The Court Reporter: The Unsung Hero

The following entry was authored by guest contributor Nicky Uribe, a 3L law student at The University of Tennessee College of Law, who is working as a law clerk this summer at Oberman & Rice.

You see them in the courtroom; they quietly tap away at their keys.  They do not say much, if anything at all. Who are these people and what are they doing there?  These ladies and gentlemen are court reporters. If you have been accused of a crime, they are your heroes and you did not even realize it.

In many cases, court reporters are fundamental to protecting a defendant’s rights.  At first you may wonder why court reporters are so important.  You, the attorneys, and the judge are all present.  Everyone hears the same thing.   After all, there can only be one truth.  Sadly though, that is not so.  While it is true that all lawyers and judges are charged with abiding by the rules of ethics and the law, we are only human.  More ears present do not always lead to a more accurate story; it may lead to a contentious argument.  That is where the court reporter comes in.  They are in the thick of the proceedings and are stationed as close to the testifying witness and the judge as possible.  This prime position allows court reporters to hear each word and record the proceedings fairly and accurately.  This is part of your record.  This is where you look to appeal a decision or place the case in the right perspective for the judge.  This is a life raft without which many a defendant would be sunk.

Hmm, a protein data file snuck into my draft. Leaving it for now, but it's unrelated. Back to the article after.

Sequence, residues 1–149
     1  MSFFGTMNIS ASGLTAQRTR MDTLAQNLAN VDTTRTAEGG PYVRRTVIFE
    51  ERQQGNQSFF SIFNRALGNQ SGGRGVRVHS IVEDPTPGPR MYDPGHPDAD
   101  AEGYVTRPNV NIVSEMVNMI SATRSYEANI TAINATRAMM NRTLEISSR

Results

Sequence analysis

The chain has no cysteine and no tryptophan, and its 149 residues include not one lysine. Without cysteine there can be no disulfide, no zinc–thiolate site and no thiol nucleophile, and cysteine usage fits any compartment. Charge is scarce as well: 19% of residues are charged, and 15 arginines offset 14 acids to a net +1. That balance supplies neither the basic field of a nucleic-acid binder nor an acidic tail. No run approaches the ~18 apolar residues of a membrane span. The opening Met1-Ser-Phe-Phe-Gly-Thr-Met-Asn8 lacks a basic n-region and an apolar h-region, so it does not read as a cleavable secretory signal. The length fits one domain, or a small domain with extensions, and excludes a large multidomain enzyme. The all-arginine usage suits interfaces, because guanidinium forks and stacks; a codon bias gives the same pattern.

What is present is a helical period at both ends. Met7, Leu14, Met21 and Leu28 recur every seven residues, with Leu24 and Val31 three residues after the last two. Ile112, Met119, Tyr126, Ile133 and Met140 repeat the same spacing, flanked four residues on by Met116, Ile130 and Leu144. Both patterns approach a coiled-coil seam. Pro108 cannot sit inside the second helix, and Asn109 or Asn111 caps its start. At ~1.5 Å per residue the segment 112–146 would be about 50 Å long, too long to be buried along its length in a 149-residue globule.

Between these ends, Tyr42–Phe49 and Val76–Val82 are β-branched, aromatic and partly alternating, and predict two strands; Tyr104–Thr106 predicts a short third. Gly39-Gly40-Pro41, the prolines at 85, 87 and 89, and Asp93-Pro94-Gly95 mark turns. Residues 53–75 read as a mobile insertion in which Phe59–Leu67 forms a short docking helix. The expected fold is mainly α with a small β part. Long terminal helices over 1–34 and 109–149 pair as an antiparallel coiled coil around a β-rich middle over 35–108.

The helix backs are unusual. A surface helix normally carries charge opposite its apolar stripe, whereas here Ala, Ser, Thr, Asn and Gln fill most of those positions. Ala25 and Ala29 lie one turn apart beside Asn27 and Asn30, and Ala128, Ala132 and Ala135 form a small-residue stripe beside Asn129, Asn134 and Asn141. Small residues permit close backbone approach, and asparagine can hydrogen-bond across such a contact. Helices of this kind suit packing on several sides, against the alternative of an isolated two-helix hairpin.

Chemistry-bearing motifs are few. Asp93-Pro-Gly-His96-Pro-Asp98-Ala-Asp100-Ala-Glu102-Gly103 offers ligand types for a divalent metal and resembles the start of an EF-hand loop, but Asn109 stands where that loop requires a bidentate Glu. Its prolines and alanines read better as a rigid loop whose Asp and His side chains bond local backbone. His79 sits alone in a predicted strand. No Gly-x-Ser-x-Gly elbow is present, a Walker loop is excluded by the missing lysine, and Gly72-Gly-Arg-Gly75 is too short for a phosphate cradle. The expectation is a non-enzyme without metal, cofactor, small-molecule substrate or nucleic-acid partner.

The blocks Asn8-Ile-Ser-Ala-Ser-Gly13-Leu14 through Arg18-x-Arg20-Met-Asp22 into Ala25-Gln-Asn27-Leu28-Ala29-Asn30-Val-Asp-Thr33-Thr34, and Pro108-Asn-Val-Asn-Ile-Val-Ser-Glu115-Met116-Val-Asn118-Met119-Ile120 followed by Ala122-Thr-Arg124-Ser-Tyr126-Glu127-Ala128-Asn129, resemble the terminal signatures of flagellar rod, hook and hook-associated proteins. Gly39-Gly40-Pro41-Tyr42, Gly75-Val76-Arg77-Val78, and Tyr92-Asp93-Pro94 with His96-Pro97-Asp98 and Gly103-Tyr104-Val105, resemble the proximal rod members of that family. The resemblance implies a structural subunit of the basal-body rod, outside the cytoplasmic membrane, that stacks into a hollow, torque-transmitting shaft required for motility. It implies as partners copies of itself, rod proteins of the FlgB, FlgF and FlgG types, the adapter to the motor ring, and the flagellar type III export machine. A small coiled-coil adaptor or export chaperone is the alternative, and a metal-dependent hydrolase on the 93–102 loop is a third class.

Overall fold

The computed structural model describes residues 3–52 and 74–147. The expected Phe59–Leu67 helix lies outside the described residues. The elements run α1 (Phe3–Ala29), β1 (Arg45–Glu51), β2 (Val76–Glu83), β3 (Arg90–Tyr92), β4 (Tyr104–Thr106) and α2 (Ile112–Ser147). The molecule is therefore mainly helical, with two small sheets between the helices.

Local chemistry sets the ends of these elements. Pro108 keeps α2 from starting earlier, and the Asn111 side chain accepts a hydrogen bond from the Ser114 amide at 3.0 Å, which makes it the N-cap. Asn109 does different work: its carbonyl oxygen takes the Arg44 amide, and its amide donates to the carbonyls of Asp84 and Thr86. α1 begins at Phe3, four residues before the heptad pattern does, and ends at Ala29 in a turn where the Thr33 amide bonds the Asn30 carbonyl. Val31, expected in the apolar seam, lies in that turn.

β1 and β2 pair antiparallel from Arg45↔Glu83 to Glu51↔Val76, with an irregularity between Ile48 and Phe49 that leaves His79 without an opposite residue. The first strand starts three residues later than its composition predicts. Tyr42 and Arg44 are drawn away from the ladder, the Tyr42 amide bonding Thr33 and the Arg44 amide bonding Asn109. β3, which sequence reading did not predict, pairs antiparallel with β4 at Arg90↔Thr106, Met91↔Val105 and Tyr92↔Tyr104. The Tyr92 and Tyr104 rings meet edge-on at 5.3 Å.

Contrary to popular opinion, a court reporter will not always be present.  Depending on the case, your attorney may advise you to hire your own court reporter. Court reporters are generally not present to record the proceedings in misdemeanor criminal cases (crimes with a maximum punishment of less than one year), or in civil cases.  In felony cases where the minimum punishment is one year or more, the State provides a court reporter at no cost to the defendant.

At times, attorneys develop a working relationship with particular court reporters.  They trust each other and work well as a team.

So, what does a court reporter do and how do they do it?  The New York Times attempted to demystify the court reporter with a question and answer session from June 16, 2010 – June 18, 2010.  One of the most obvious questions that one may have is how do they keep up with everyone when they speak so fast?  According to a seasoned federal court reporter, the machine they use is called a stenotype.  Unlike a traditional key board, a stenotype has a limited number of keys; only main consonants and vowels.  In order to type entire words, court reporters must press multiple keys to form certain letters and spell out a word.  Furthermore, they must create their own form of shorthand for long phrases, often used during trial proceedings.  For instance, ladies and gentlemen of the jury is “LAIJS.”

Essentially, court reporters must go to school to learn an entirely different language.  They also have to learn how to operate and care for their machines on top of becoming lightning-fast typers.  All of the costs for the training and the machines come out of their own pocket. So the next time your attorney advises you that you should retain a court reporter, consider the training and hard work of these men and women. They deserve everyone’s respect and appreciation.

For more information on court reporters in Tennessee, click here.  To speak to an attorney regarding any criminal matter, feel free to contact Steven Oberman or Sara Compher-Rice.

  1. #1 by Debbie West - September 9th, 2010 at 19:55

    What an insightful article! Thanks for taking the time to notice what we do 🙂

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